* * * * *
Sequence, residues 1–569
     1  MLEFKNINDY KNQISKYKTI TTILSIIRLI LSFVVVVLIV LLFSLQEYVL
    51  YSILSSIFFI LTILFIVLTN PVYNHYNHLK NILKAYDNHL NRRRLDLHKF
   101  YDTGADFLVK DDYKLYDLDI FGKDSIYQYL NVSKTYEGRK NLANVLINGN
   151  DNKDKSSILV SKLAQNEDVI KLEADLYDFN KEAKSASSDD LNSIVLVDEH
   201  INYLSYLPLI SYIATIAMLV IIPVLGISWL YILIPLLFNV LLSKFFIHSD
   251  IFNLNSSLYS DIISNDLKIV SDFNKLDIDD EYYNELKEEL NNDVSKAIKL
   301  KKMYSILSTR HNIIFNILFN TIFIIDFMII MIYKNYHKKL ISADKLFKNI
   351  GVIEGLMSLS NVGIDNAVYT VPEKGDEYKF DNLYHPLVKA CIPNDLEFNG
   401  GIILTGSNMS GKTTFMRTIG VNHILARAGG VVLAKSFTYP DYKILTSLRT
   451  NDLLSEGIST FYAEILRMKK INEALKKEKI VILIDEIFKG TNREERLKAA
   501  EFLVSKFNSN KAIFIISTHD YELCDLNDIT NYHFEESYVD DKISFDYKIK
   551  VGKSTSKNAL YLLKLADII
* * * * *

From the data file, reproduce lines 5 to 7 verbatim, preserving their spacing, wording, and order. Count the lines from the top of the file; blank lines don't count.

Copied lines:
   151  DNKDKSSILV SKLAQNEDVI KLEADLYDFN KEAKSASSDD LNSIVLVDEH
   201  INYLSYLPLI SYIATIAMLV IIPVLGISWL YILIPLLFNV LLSKFFIHSD
   251  IFNLNSSLYS DIISNDLKIV SDFNKLDIDD EYYNELKEEL NNDVSKAIKL